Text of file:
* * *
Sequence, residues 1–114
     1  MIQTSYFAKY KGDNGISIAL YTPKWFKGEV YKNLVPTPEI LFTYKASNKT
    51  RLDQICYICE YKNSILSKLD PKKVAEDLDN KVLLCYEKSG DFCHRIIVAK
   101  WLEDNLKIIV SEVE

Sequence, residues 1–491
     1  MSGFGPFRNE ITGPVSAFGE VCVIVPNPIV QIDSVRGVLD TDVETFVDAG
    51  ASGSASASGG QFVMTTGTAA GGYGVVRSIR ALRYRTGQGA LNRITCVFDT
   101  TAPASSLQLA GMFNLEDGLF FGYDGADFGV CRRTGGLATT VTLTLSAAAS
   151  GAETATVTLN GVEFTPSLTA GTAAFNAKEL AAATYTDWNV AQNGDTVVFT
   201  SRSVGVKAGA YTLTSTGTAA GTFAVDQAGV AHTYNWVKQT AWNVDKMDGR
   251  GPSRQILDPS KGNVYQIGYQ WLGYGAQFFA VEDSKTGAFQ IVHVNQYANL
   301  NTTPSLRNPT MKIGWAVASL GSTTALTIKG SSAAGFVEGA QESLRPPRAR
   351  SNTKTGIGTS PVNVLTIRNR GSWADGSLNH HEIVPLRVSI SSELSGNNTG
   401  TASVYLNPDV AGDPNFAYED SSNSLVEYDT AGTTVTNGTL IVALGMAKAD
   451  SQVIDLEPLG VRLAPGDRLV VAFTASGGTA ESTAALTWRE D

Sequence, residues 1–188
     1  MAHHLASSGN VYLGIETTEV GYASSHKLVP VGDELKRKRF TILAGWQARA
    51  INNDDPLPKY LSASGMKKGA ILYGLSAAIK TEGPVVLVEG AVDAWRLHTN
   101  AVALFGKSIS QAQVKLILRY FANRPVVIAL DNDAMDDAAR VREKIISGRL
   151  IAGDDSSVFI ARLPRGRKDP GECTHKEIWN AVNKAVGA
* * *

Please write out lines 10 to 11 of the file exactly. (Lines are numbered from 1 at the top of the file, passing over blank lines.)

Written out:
   201  SRSVGVKAGA YTLTSTGTAA GTFAVDQAGV AHTYNWVKQT AWNVDKMDGR
   251  GPSRQILDPS KGNVYQIGYQ WLGYGAQFFA VEDSKTGAFQ IVHVNQYANL